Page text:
When watching or playing soccer matches, it’s crucial to know the ins and outs of real versus fake injuries in soccer. When are players faking it, and why would they want to pretend to be hurt during a high-stakes game? After doing extensive research, it’s clear that soccer players do indeed fake injuries occasionally but will also get genuinely hurt during some games.
Soccer players fake injuries often during games. Players do this to catch the attention of the referee, try to make an opportunity to score a goal on the other team, waste time, attempt to regain possession of the ball, or punish another player.
What makes both real and fake injuries so interesting in soccer? Why are so many injuries faked during the game? Let’s go over what to look for in case an injury occurs in near-future soccer games!
Why Injury Faking Happens So Often in Soccer
Long story short, faking injuries is seen so often in soccer because it’s helpful! Surprisingly, it can be advantageous to an individual player, or even beneficial for their whole team if they fake an injury in the game. Soccer injuries have practically become a joke of the game since they’ve been around so long, but they are still around for valid reasons.
Players commonly fake injuries while playing soccer because they want to catch the attention of the referee, are trying to create a goal-scoring opportunity, are trying to waste time, try to get possession of the ball back, or are trying to punish a player on the opposing team.
Why Players Fake Injuries
This all may seem farfetched, but players have valid reasons to pretend to be down for the count. First off, one of the most popular and simple reasons why a player will fake getting injured is to draw the attention of the referee to themselves. The player earnestly wants the referee’s game-changing decisions to be made in their favor, so this is where “flopping” and other fake injuries come in.
If a player thinks they’ve been wronged in the game, or want to gain an advantage over the other team, they’ll want the referee to know it, so they’ll fake an injury or flop in a way that the ref cannot ignore. Studies have even shown that a player flopping near the referee is three times more likely to have a decision go their way than if the ref were far away from the player, so it can be worth it.
A player may also simulate an injury to create an opening for an opportunity to score a goal on the opposition. If a player has the ball near the opponent’s goal but isn’t able to make an opportunity to take a shot at it, they might just decide to pretend to be hurt before any potential opportunity is gone.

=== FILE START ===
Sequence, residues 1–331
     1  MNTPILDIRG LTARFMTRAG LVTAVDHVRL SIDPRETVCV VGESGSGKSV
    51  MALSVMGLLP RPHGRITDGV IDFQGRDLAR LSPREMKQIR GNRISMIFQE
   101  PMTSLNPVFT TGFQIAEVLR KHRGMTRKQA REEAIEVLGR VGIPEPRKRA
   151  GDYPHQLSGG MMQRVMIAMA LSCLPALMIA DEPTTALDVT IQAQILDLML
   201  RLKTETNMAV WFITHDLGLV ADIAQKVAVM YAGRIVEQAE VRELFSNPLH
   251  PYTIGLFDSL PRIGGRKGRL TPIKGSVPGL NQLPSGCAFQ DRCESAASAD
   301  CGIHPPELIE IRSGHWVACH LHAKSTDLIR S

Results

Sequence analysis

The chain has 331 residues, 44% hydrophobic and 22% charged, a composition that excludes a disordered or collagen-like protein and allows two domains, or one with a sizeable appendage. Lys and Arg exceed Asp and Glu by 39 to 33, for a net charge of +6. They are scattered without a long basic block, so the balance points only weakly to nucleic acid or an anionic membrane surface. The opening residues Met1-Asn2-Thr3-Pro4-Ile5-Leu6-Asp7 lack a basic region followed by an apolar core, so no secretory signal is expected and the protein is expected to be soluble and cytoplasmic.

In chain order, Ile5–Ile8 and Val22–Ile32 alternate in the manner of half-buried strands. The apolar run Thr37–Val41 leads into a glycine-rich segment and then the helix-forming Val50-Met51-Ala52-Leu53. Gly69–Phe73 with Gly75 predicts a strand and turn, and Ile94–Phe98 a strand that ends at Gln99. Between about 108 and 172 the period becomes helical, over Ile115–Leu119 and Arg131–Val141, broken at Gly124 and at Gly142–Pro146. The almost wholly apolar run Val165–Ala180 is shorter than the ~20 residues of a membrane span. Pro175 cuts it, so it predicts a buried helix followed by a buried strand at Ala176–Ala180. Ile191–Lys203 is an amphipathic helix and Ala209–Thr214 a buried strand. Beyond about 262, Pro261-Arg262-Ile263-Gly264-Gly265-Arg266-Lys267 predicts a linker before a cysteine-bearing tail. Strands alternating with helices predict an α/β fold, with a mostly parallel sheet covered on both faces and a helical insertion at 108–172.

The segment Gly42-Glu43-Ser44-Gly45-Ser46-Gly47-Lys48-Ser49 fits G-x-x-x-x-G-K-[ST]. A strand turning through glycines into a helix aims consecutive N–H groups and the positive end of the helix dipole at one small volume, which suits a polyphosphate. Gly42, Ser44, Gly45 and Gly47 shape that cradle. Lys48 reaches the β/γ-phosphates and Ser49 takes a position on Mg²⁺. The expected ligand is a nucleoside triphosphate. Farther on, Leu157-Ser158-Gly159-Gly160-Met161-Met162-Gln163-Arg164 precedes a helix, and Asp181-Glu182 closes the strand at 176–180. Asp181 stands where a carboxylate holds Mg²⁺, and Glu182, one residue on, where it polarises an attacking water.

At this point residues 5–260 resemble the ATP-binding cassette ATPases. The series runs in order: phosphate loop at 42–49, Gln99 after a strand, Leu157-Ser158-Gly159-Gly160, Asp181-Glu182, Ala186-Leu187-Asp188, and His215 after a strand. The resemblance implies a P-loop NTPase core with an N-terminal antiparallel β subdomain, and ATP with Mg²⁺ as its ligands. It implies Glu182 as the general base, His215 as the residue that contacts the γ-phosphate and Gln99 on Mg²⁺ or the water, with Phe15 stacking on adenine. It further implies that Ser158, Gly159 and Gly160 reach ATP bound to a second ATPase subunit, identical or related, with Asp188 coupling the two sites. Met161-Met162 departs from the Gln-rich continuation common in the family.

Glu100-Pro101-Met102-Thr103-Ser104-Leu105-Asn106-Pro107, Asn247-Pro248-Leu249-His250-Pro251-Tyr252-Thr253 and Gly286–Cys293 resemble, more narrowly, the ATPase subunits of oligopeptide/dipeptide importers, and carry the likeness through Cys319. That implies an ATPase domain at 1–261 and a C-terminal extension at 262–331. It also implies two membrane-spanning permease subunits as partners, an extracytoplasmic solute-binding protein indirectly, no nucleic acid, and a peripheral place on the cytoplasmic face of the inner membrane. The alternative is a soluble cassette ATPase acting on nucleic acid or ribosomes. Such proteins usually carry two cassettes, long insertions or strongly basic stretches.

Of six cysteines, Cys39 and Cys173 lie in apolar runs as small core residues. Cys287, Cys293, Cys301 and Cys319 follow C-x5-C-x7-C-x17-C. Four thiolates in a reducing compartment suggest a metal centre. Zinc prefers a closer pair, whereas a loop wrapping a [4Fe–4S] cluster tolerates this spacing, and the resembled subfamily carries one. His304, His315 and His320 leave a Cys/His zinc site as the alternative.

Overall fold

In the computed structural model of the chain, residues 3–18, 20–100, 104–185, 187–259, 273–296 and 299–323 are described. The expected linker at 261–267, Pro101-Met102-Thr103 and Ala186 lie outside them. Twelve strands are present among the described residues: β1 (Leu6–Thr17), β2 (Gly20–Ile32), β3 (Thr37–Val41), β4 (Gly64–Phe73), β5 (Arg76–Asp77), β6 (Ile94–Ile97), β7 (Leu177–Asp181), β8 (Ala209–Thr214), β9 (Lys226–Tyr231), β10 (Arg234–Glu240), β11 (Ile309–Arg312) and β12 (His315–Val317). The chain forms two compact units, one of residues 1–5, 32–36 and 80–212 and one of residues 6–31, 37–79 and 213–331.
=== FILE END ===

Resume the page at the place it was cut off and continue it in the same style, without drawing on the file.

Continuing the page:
The hope is that the referee will think that the player has been hurt by an opposing member of the other team, and will award the ‘hurt’ player with a set piece near the opposing team’s goal. Getting this set-piece would provide an excellent chance for one team to score a goal on the other. It may come in the form of a free-kick or a penalty against the opposing team that can really impact the course of the game.
In order to run down time on the game clock, a player might just flop or pretend to be incapacitated. During soccer matches, the game clock doesn’t ever stop, regardless of what’s happening in the game. Should there be delays or stoppages in the game, the referee then adds more time onto the clock at the end of the half.
The extra time added to the match is usually inaccurate, but players still try to fake injuries to stop the play for as long as they can. Wasting time is useful when a team is in the lead, when the game is tied, or if one team wants to prevent the other side from being able to score, period.
Finally, players could also fake out in order to get possession of the soccer ball back after losing it to the other team. Often, this happens right after a player has been tackled or has lost possession of the ball to the other team. They’ll flop immediately or ‘fall down’ due to a simulation of an injury. They also hope that the ref will pause the game and award possession of the ball to the player who originally had the ball.
What is Flopping
Flopping is when a player embellishes or exaggerates a foul, or is pretending to be fouled when none was committed in order to try to deceive and trick the referee. A ref who spots the deception can punish the offending player with a yellow card.
Sports spectators who focus on players in possession of or closest to the ball will likely see this move firsthand. Sometimes honest injuries will happen because players on the field are running at impressively fast speeds, with a lot of physical strength sending them sprawling if they get tripped up or fall, so don’t assume all injuries are a sham. But, when faked injuries inevitably come up, now we know why!
Punishment for Faking Injuries
Faking in soccer doesn’t come without its risks. Match rules dictate that players will be warned for unsportsmanlike behavior, should the player try to deceive the referee by feigning injury or pretending to have been fouled or injured by an opposing player. Being warned means that the player will be shown a yellow card, which is another step closer to being taken out of the game entirely.
Interestingly, a soccer player cannot get a red card for diving in the game. Should they earn a red card following a diving move, it would be because they’ve already been shown a yellow card before. After getting a second yellow card for their dive, they’re then shown a red card as punishment for earning two yellow cards in a single game. Yellow cards are serious disciplinary actions, and one that players may anticipate if they’re going to be gutsy enough to try to trick a ref.